As we look forward to a gradual lengthening of daylight and the eventual arrival of summer, WildChina wishes a happy winter solstice to our friends around the world.
The shortest day of 2020 is recorded today, December 21.
The Chinese festival marking the day is called Dongzhi—literally, “the arrival of winter”—and has traditionally been a time for families to gather together for meals and to honor their ancestors.
Therefore, visitors to northern parts of China during Dongzhi may end up joining a local family for a meal of hearty boiled dumplings. If they are in the southern part of the country, they will more likely eat balls of sticky rice that are called tangyuan and are served in a sweet or savory broth.
In both areas one might run into bowls of slightly sweet and mildly alcoholic fermented sticky rice named jiuniang.
These warming, carbohydrate-rich traditional Dongzhi foods make sense not just because of chilliness and lack of sunlight, but also because many Chinese people will spend at least part of the day outside making offerings or visiting the tombs of their ancestors.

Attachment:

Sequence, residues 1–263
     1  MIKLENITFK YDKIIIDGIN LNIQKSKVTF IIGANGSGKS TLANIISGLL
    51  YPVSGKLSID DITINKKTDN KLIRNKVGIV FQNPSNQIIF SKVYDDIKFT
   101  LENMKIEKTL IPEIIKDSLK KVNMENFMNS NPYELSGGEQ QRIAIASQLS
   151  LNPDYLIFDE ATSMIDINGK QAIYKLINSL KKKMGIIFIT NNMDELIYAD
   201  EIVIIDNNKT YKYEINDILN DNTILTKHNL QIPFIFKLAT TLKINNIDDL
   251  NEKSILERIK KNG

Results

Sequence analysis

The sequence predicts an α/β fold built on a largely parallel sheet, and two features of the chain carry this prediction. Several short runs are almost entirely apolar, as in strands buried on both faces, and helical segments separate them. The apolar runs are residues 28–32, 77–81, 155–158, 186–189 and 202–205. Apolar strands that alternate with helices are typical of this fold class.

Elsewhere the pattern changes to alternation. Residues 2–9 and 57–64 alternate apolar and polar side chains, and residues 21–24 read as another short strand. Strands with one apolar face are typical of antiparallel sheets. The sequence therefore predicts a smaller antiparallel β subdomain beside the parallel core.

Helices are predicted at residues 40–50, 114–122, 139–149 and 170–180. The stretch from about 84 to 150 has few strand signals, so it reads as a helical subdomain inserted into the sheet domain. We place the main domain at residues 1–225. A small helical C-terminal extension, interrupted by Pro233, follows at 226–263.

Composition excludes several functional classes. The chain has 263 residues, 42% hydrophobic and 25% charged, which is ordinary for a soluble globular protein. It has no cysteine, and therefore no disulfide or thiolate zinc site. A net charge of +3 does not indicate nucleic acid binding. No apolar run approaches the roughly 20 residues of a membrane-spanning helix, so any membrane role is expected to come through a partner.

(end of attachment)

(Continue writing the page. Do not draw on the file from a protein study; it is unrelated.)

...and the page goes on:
As during other festival times, it is common to see locals burning fake paper money on the street, which is symbolically intended for use by the deceased in the afterlife.
Many urban families also venture from the city out to the countryside to visit the graves of their ancestors for some tidying and to burn incense and perhaps leave some small portions of food.
Thought it may be the shortest day of the year and chilly in many parts of the country, there are still plenty of great places to visit in China during the holiday season. In fact, this is one of the best times to visit warmer southern areas whose low latitude bestows them with longer daylight.
The expected high temperature today in Jinghong, capital of the Xishuangbanna region of Yunnan, a popular WildChina destination, is 80 degrees Fahrenheit (27 degrees Celcius). Happy Dongzhi and we hope to see you soon.
Image credit: 5Q Blog